Representatives of Penn State’s John Curley Center are currently enjoying the sunny weather in San Diego, California while taking part in the North American Society for the Sociology of Sport’s 31st annual conference. The four-day conference includes presentations from a variety of national and international scholars as well as current and former Penn State students and faculty.
Current Ph.D. student T.C. Corrigan organized and participated in the first Penn State-represented panel of the weekend, Producing Meaning in Sports Media: Practices, Structures, and Discourses. The panel was moderated by Penn State graduate, Dr. Erin Whiteside, and featured research related to linguistic organization of sports broadcasts, analysis of announcer discourse related to race in the NBA Finals, and Canadian NBA broadcasts in Punjabi.
Corrigan presented Studying Sports Blog Production: Methodological Challenges. In the discussion, Corrigan outlined the challenges faced when determining appropriate methodologies for researching the production of sports blogs. Currently in the process of identifying best ways for approaching this type of research, he argued that traditional observation practices related to journalism and broadcasting are unsuitable for blog-related research. His central question asks that if we restrict our observational methodologies and narrow ourselves to traditional research strategies, then how will that restrict our findings related to the way blogs are produced?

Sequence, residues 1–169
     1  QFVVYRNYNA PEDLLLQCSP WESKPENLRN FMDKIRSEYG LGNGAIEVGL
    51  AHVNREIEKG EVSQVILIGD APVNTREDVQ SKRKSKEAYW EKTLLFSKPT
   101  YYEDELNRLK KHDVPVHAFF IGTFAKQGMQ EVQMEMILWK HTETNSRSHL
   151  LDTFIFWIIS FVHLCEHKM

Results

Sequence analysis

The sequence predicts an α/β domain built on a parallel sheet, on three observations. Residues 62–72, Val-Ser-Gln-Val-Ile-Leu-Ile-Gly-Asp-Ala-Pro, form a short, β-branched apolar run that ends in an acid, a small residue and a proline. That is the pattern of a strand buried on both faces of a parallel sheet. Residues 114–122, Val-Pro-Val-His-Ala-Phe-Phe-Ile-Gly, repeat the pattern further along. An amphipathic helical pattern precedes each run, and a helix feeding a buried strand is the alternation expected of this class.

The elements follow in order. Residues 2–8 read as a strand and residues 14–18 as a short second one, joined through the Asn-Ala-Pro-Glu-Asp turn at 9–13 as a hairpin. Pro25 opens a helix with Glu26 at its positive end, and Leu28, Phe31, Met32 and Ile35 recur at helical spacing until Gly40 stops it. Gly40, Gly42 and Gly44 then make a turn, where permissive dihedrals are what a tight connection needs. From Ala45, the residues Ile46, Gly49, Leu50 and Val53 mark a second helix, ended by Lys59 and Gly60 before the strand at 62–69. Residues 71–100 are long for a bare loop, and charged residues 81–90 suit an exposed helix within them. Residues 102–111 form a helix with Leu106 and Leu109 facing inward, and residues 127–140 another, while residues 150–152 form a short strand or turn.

Blogs tend to be produced privately, and often by non-journalists or people with a keen interest in a specific topic – in this case, sports. The nature of sports blogging routines suggests that we should not approach the study of bloggers from a journalistically-based perspective, but from a new perspective dedicated solely to blogging. Space and time limitations exist in which a researcher cannot simply observe the production process, making traditional observation both methodologically and practically insufficient for studying blog production. By drawing upon traditional field work techniques such as document collection, long interviews and phone calls, Corrigan hopes to identify typicalities in blogging practices while creating a methodological bridge with traditional observation strategies.
Tomorrow, Dean Marie Hardin, Corrigan, and students Laura Caldwell and Melanie Formentin will present their own work in separate panels and roundtable discussions. They will be joined by PSU College of Comm graduates Whiteside and Jason Genovese. Check back for more updates from the conference.
– Melanie FormentinPowered by Sidelines